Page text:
“As you reflect on 2017, you will remember happy times and perhaps some not so joyful moments, but if any of the following events on this handy checklist happened during 2017, you should update your estate plan.”
Another year is behind us, and a shiny new one is ahead, full of promise and opportunity. After you finally take down and put away the last of the holiday decorations, add one more thing to your annual traditions. It’s a New Year! It is time to review and update your estate plan.
As you reflect on 2017, you will remember happy times and perhaps some not so joyful moments. However, if these events on this handy checklist happened during 2017, update your estate plan.
- You got married or divorced.
- You became a biological or adoptive parent or grandparent.
- Your spouse became extremely ill or disabled.
- You bought a house, other real estate or other expensive asset.
- Any member of your family suffered illness, disability or death.
- You or your spouse got a sizeable inheritance or gift.
- Your child or grandchild reached the age of majority.
- You took on significant debt or other liability.
- The person whom you named as the guardian for your children or your executor or trustee is no longer available, appropriate or willing to serve.
- You got a new job or promotion.
- You opened or closed a business.
- You want to set up educational funding for your child or grandchild.
- Your financial goals or priorities have changed.
- You have more or fewer dependents.
- The value of your assets has increased or decreased significantly.
- You have changed your life insurance or long-term care insurance.
- The state or federal laws changed so it affects your taxes or investments.
Some people diligently review their estate plan several times a year at regular intervals. For the rest of us, several years can go by without our giving the papers a glance or a thought. The danger of not keeping your estate plan up-to-date, is that the people you want to benefit may get left out in the cold, if your documents are no longer current.
The Basic Documents You Need in Your Estate Plan
Talk with your legal advisor about which of these documents will serve your estate needs. Everyone’s situation is unique, so do not use a cookie cutter approach.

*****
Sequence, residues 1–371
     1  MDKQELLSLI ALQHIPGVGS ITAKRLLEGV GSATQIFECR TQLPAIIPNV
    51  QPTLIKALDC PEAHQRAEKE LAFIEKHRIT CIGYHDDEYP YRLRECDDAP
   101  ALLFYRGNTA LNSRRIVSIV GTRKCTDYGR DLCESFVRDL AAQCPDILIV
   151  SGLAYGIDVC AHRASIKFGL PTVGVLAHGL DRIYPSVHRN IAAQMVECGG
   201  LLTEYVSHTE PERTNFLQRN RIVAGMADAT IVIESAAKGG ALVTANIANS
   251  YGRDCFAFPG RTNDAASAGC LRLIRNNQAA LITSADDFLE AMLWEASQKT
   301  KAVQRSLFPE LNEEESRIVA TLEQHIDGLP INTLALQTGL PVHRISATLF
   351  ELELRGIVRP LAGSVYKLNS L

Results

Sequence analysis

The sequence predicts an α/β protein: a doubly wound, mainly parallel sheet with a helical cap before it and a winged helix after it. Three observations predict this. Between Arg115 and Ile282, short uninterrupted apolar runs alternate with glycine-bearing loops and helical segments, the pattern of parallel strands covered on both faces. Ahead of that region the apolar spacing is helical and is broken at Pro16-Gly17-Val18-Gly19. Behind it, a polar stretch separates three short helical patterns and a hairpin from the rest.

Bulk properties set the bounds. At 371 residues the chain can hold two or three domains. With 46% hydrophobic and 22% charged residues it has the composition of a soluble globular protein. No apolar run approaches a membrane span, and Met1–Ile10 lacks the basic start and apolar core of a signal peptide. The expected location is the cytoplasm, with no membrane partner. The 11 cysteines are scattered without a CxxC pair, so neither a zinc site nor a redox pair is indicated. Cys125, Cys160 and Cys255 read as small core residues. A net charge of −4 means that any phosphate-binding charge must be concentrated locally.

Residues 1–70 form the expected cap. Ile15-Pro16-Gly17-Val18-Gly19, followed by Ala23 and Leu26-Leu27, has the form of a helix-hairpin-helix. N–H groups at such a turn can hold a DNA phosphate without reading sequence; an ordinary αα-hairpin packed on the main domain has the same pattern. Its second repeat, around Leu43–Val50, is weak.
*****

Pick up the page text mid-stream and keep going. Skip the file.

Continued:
- A will and a trust. The will tells people what you want to be done with your assets after you die. A revocable living trust can help you save on estate taxes. It allows you to keep more money in your estate for your heirs, rather than paying it to Uncle Sam. There are many different trusts, so talk with an estate planning expert to decide which one is best for you. Most trusts can manage your assets for you, if you become disabled.
- A power of attorney for health care decisions. You can select someone to medically decide for you, if you cannot do so because of illness or injury. As long as you are conscious and able to make and express your decisions, you retain control.
- A durable power of attorney will set up someone to handle your financial matters, if you become incapacitated. As long as you are competent to act for yourself, you retain control. You can revoke this document at any time, if you have legal capacity.
You may also want to draft letters to your family and heirs giving them details on your wishes, and passing on some words of wisdom and affection. This article discusses the general law, and your state may have different laws. Talk with an estate planning lawyer in your area.
MarketWatch. “Review your estate plan against this 14-point checklist.” (accessed January 9, 2018) https://www.marketwatch.com/story/review-your-estate-plan-against-this-14-point-checklist-2015-07-20
Fidelity. “Reviewing and Updating Your Estate Plan.” (accessed January 9, 2018) https://www.fidelity.com/growing-managing-wealth/estate-planning/update-estate-plan